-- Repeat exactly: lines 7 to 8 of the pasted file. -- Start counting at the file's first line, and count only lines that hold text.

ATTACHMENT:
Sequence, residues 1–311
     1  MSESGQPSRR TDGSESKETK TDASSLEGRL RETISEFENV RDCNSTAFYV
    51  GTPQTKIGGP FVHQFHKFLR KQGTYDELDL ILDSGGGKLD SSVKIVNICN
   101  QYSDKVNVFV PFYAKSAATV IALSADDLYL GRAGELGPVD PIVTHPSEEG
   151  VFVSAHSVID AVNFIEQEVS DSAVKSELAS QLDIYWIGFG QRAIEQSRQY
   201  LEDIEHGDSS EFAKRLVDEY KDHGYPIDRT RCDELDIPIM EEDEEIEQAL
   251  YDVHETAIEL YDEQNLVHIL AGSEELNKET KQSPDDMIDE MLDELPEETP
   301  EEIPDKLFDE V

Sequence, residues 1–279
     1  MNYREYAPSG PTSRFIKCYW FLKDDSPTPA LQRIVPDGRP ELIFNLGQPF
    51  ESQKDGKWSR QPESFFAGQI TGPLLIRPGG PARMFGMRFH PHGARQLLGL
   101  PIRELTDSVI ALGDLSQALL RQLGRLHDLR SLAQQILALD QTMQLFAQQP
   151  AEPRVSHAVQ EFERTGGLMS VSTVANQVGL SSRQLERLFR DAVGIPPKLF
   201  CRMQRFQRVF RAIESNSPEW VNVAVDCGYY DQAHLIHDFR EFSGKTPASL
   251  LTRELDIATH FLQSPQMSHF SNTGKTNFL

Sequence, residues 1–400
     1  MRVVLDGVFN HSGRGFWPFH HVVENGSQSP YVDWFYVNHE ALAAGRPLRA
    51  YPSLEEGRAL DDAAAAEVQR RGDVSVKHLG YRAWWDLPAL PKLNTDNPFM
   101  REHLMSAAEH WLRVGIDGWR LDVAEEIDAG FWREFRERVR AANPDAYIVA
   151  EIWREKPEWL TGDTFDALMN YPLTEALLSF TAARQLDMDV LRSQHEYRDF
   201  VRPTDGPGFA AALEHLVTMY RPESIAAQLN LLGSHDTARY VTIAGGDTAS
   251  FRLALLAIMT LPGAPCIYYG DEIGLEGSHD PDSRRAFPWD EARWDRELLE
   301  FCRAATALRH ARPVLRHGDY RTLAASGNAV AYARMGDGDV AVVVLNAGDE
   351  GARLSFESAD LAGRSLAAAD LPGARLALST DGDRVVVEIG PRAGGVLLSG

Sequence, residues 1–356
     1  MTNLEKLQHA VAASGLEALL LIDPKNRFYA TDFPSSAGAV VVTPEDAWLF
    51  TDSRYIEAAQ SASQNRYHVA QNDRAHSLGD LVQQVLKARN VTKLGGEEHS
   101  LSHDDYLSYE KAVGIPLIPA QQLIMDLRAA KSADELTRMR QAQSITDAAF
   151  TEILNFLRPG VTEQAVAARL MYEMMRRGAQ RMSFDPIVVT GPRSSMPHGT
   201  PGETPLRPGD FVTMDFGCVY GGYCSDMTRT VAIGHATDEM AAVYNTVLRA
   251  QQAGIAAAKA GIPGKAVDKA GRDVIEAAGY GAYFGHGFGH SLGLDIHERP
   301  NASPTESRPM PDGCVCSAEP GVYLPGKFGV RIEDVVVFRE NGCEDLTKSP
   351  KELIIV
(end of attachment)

   251  YDVHETAIEL YDEQNLVHIL AGSEELNKET KQSPDDMIDE MLDELPEETP
   301  EEIPDKLFDE V